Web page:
The main focus of our project is creating opportunities for people to interact virtually and pursue their interests while remaining active. We hoped to accomplish this through a medium that people are already interested in and providing them with a tool to take that interest to the next level. From these intentions came our project- TikTok Dance Trainer.

In our previous hackathon, we gained experience with computer vision using OpenCV2 in python, and we wanted to look further in this field. Gaining inspiration from other projects that we saw, we wanted to create a project that could not only recognize hand movements but full body motion as well.

What it does

TikTok Dance Trainer is a new Web App that enables its users to learn and replicate popular dances from TikTok. While using the app, users will receive a score in real time that gives them feedback on how well they are dancing compared to the original video. This web app is an encouraging way for beginners to hone dance skills and improve their TikTok content as well as a fun way for advanced users to compete against one another in perfecting dances.

How we built it

To create this project, we split into teams. One team experimented with comparison metrics to compare body poses while the other built up the UI with HTML, CSS and Javascript.

The pose estimation is implemented with an open source pre-trained neural network in tensorflow called posenet. This model can pinpoint the key points on the human body such as wrists, elbows, hips, knees, and joints on the head. The two dancers each have a set of 17 joints, which are then compared to each other, frame by frame. In order to compare these arrays of coordinates, we researched various distance metrics to use such as the Euclidean Metric, Cosine Similarity, the weighted Manhattan distance, and Procrustes Analysis (Affine Transformation). Through data collection and trial and error, the cosine distance gave the best results in the end. The resulting distances were then fed into a function to map the values to viable player scores.

The UI is built up in HTML with CSS styling and Javascript to run its functions. It has a hand-drawn background and an easy-to-use design packed with function. The menu bar has a file selector for choosing and uploading a dance video to compare to. The three main cards of the UI have the reference video and live cam side by side, with pose-estimated skeletons of each in the middle to aid in matching the reference dance. The whole UI is built up in general keeping in mind ease of use, simplicity, visual appeal and functionality.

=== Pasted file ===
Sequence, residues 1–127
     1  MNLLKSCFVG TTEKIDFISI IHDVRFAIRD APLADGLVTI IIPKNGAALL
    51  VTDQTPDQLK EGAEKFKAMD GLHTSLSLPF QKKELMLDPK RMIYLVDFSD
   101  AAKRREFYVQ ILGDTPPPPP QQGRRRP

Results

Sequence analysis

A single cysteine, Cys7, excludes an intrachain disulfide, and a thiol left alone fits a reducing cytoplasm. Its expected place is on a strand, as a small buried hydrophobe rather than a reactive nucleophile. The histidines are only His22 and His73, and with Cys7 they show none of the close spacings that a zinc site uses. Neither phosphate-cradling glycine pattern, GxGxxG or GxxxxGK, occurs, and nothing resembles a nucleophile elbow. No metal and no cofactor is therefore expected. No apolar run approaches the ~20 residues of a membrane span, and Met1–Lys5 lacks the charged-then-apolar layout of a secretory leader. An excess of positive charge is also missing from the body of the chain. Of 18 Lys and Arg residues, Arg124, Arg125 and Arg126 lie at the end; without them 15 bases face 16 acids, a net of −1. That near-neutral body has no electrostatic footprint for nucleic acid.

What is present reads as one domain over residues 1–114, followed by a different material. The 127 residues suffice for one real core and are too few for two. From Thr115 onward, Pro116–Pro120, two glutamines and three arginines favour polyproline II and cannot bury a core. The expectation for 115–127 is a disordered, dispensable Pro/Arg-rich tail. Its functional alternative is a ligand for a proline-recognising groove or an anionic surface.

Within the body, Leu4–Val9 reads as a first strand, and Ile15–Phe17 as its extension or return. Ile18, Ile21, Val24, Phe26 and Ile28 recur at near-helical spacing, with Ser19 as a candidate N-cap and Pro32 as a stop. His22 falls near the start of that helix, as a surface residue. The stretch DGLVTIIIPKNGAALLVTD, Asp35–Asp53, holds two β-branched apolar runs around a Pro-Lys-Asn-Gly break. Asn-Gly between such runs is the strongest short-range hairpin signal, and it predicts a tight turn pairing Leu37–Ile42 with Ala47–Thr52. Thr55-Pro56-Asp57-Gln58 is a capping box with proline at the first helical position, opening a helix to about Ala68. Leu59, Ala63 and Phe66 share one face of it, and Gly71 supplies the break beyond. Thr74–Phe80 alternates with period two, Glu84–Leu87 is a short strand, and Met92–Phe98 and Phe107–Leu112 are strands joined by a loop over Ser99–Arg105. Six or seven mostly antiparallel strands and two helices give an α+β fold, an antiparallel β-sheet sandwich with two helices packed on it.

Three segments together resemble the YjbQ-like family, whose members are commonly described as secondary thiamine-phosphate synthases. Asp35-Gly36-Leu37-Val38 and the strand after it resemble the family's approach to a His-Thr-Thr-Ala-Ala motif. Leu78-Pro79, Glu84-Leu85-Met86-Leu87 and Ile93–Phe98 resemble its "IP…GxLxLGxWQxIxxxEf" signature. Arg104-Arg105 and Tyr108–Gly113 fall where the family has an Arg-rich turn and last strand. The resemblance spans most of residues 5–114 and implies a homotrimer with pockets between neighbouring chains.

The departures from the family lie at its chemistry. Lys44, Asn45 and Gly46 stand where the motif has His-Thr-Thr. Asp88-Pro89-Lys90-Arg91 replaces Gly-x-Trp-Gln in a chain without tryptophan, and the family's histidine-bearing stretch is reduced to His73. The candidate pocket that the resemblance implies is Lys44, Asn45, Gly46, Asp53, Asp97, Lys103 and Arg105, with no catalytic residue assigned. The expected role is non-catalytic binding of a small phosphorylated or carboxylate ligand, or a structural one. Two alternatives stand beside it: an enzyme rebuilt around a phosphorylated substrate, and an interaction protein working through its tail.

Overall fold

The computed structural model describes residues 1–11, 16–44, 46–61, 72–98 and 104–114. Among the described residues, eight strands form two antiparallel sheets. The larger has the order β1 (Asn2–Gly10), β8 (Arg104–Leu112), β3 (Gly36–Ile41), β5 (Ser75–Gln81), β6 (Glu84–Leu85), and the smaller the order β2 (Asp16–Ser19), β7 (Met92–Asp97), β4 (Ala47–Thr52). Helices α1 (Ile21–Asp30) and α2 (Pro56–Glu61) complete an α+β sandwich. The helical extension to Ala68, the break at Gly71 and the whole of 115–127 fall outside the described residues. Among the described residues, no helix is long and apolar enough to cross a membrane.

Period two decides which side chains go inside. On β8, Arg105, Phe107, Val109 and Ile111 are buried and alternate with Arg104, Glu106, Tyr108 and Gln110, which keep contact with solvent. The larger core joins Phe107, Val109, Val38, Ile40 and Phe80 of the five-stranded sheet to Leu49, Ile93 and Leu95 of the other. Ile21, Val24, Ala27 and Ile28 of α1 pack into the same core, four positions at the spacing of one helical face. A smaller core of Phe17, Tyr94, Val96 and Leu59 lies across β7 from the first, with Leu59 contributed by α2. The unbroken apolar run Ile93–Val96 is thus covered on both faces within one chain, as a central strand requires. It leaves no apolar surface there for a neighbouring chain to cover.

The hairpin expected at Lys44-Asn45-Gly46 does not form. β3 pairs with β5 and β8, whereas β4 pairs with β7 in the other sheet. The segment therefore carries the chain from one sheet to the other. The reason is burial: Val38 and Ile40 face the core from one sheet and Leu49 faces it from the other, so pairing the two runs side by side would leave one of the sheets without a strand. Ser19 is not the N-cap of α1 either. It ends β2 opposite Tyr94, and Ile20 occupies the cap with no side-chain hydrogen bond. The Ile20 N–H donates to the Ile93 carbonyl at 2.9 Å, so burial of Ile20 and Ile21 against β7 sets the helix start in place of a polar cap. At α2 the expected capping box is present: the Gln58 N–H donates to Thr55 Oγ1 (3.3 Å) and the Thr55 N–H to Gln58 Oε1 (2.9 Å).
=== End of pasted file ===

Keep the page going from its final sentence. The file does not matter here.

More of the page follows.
Challenges we ran into

As a result of splitting into two teams for different parts of the project, one challenge we faced was merging the two parts. It was difficult to both combine the code but as well to connect the different parts of it, returning outputs from one part as acceptable inputs for another. Through perseverance and a lot of communication we managed to effectively merge the two parts.

Accomplishments that we're proud of

We managed to create a clean looking app that performs the algorithm well despite the time pressure and complexity of the project. In addition, we were able to allocate time into making a presentation with a skit to tie everything together.

What we learned

Coming into this hackathon, only one of our members was experienced in web development, but coming out, all of us four felt that we gained valuable experience and insight into the ins and outs of webpages. We learned how to effectively use Node.js to create a backend and connect it with our frontend. Along with this, we gained experience using npm and many of javascript's potpourri of packages such as browserify.

What's next for TikTok Dance Trainer

We also looked into using Dynamic Time Warping to help with the comparison. This would help primarily when the videos were different lengths or if the dancers were slightly mismatched. However, we realized that this would not be needed if the user is dancing against the TikTok video in their own live feed. In the future, we would like to add a functionality that allows two pre-recorded videos to be compared that would then use Dynamic Time Warping.

All open source repositories/packages that were used: link link link link link

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